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For other uses, see Covenant (disambiguation).

Covenant, in its most general sense, is a word for a solemn contract or similar undertaking.

Under the common law a covenant was distinguished from an ordinary contract by the presence of a seal. Because the presence of a seal indicated an unusual solemnity in the promises made in a covenant, the common law would enforce a covenant even in the absence of consideration, or quid pro quo.

In this sense, covenants are more or less obsolete in the American, England, and other jurisdictions that use the tradition of common law; seals no longer have much significance, especially after the adoption of reforms that affected contracts, such as the Uniform Commercial Code which allows contracts to be formed with fewer formalities.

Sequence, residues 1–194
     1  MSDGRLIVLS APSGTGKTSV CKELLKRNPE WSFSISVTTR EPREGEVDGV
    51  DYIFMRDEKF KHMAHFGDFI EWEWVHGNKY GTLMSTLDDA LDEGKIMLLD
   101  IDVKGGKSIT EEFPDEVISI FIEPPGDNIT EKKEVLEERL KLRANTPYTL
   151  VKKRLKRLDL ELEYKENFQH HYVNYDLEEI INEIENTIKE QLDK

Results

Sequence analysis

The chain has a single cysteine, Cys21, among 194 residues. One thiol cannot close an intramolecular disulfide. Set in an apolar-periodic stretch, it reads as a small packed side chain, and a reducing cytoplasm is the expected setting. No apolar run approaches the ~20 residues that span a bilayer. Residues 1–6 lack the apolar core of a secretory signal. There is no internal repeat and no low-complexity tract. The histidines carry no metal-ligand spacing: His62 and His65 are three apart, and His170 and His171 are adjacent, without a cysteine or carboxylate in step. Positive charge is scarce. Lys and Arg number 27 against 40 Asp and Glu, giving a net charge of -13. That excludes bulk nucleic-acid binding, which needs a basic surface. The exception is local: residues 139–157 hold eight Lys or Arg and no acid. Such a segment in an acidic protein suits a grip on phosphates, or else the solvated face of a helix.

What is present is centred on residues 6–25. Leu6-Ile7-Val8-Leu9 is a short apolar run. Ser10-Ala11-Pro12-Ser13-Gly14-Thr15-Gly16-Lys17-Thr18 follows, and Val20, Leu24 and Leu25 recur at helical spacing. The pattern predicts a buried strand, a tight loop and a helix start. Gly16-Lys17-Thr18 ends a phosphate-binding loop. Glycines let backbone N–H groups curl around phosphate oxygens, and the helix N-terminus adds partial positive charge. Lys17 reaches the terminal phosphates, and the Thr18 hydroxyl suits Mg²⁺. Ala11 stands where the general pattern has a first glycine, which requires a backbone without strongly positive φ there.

The word covenant is also given to certain privately arranged rules that attach to specific tracts of real property; usually these state restrictions on how the land can be used, and thus are generally known as restrictive covenants.

Historically, certain treaties and compacts have been given the name of covenant, most notably the Solemn League and Covenant that marked the Covenanters, a Protestant political organisation important in the history of Scotland. Other important documents that have been given the name covenant include the International Covenant on Civil and Political Rights and the Palestinian National Covenant.